Academic journal article West Virginia University Philological Papers

Perversion as Diversion: The Female Gaze in the Novels of Rachilde

Academic journal article West Virginia University Philological Papers

Perversion as Diversion: The Female Gaze in the Novels of Rachilde

Article excerpt

In his essay on "The Sexual Aberrations" found in his work Three Essays on the Theory of Sexuality of 1905, Freud discusses in some detail the relationship between perversion and the act of gazing:

... this pleasure in looking [scopophilia] becomes a perversion if, instead of being preparatory to thc normal sexual aim, it supplants it. (1)

Freud goes on to say that, "The force which opposes scopophilia, but which may be overridden by it (in a manner parallel to what we have previously seen in the case of disgust), is shame" (ibid). In order to mitigate the shame, the scopophilic will engage in a number of practices designed to heighten the pleasure and minimize the shame, among them sadism and masochism. Referring to this desire to inflict pain upon the sexual object and to receive it from the beloved, Freud writes:

In the perversions which arc directed towards looking and being looked at, we come across a very remarkable characteristic . . . : in these perversions the sexual aim occurs in two forms, an active and a passive one. (ibid.)

In addition, the scopophilic will idealize the beloved, even the basest of humans. This process of idealization is necessary in order to make the love object worthy of the gaze and of being an active voyeur in this speculative economy of exchange. The intense pleasure associated with the sexualized act of looking that is the gaze is at the source of the development of neuroses

expressed in a variety of symptoms. In other words, the neurotic develops certain symptoms in order to negate a perversion. "Thus," says Freud, "symptoms are formed in part at the cost of abnormal sexuality; neuroses are, so to say, the negative of perversions" (165).

Based on these psychological observations linking together the act of gazing and perversion, few writers have focused as intently on the pleasures of scopophilia as the writer Rachilde. Born Marie Marguerite Eymery in the Perigord in 1860, the daughter of a military officer and his sickly, coquettish, and highly depressive wife, Rachilde left home at age eighteen to pursue a writing career in Paris, encouraged by a few anonymous local publications of her works and a brief note from Victor Hugo to whom she had sent an early work titled Premier Amour and which said simply, "Remerciements et applaudissement. Courage, Mademoiselle." (2) Her only literary education had come from her grandfather's library, where she had immersed herself in the writing of Voltaire and the Marquis de Sade, and from reading the local legends about werewolves. It was reported that she had taken as her pen name the name of a spirit who had appeared to her one night during a seance. She obtained formal permission to wear men's clothes, a nd she arrived in Paris determined to make her way as a writer.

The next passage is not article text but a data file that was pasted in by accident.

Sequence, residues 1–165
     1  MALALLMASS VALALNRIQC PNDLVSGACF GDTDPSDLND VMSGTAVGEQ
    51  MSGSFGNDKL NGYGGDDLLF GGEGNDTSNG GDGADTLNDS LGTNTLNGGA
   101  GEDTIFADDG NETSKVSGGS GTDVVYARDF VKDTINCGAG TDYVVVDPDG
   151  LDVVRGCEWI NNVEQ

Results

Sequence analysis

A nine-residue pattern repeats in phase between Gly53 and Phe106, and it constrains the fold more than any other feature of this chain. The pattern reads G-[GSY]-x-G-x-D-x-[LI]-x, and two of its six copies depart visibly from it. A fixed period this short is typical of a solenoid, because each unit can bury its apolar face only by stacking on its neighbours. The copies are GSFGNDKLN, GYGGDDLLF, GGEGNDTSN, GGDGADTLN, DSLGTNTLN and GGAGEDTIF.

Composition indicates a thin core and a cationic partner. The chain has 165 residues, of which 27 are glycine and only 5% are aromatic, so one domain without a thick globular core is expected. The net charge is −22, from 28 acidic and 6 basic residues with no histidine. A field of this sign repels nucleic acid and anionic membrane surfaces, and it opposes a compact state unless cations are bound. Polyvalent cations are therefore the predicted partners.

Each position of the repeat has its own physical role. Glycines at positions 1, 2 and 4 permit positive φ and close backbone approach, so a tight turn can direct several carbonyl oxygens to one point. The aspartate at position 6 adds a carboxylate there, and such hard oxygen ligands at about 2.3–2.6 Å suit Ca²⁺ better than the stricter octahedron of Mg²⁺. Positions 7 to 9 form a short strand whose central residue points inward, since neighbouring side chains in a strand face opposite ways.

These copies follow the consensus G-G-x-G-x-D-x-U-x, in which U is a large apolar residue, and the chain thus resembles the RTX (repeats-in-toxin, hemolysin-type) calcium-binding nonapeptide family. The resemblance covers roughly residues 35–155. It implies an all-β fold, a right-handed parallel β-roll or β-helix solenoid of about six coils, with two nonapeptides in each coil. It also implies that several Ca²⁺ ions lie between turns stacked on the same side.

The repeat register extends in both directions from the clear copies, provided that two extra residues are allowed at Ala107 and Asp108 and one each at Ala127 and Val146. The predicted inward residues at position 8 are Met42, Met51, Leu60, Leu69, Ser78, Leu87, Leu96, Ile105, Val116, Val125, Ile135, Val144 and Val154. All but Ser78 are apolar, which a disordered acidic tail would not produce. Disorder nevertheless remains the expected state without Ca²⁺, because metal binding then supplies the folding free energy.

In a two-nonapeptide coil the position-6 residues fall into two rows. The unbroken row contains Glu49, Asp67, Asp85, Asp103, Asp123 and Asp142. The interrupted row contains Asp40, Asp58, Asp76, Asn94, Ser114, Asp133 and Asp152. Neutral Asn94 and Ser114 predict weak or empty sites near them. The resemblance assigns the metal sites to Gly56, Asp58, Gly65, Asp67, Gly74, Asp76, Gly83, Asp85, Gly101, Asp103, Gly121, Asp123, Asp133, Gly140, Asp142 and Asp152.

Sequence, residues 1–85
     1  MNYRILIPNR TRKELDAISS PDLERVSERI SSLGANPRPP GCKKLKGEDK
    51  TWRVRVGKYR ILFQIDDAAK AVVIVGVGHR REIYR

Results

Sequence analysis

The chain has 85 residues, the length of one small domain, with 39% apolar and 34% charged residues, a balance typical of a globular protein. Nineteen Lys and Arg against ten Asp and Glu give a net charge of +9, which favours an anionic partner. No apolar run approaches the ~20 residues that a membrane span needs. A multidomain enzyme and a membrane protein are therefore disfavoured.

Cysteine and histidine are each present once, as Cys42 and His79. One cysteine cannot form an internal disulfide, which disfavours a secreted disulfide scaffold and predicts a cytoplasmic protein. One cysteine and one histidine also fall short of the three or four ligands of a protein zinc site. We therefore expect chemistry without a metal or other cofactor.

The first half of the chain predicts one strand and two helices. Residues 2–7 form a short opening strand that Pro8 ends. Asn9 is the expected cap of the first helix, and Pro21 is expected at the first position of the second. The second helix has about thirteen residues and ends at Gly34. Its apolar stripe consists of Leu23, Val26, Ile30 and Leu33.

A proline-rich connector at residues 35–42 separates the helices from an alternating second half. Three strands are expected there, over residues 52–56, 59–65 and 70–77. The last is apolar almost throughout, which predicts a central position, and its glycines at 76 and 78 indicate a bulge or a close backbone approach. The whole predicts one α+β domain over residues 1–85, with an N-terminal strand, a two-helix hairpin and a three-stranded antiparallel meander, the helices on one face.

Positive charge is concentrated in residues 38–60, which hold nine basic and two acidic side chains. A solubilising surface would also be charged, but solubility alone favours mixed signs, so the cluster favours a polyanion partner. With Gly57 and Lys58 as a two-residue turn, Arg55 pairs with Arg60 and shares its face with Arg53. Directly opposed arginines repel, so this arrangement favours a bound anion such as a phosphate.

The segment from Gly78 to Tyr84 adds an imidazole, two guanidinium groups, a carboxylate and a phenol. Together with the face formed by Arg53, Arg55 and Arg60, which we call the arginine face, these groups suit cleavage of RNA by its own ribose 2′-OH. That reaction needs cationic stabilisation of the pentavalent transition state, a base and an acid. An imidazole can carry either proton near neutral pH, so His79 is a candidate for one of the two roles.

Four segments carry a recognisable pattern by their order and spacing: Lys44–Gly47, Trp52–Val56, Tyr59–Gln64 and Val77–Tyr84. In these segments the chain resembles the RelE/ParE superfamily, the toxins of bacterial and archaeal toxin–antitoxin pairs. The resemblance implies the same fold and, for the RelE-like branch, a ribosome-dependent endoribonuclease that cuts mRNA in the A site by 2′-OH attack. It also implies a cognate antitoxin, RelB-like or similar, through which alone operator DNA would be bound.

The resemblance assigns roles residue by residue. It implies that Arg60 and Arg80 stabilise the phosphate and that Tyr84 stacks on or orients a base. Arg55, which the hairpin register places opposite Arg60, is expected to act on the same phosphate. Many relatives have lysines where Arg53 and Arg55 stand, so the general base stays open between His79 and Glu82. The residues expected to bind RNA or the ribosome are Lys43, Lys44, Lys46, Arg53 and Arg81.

This descendant of Brantome and the Spanish Grand Inquisitor Dom Faytos would soon be surrounded by the literary luminaries of her time: Maurice Barres Barbey d' Aurevilly, Catulle Mendes, Marcel Schwob, Jean Lorrain, Remy de Gourmont, Villiers de l'Isle-Adam, Oscar Wilde, and Aubrey Beardsley, and Verlaine. She befriended Willy, Colette's future husband, and through this relationship discovered the writer in Colette. She also discovered and promoted Alfred Jarry, with whom she maintained a lengthy correspondence. (3) Together with her husband Alfred Vallette, she founded the Mercure de France, and in her salon she gathered the literary minds of her time at her famous "mardis." Close friends and mere acquaintances were struck by her most unusual eyes. The poet Albert Samain celebrated them in this sonnet:

Ses yeux glaces de vert. acs yeux deja vus, ou?...

Etangs mysterieux qui hantent les memoires

Couvent de l'inconnu sos leur changeanle moire,

Ses yeux. ses pales yeux, las d'avoir reve tout... (Dauphine 37)

Given her own powers to seduce with her marvelous eyes, it is little wonder that Rachilde will equip her heroines with alluring eyes of their own. …

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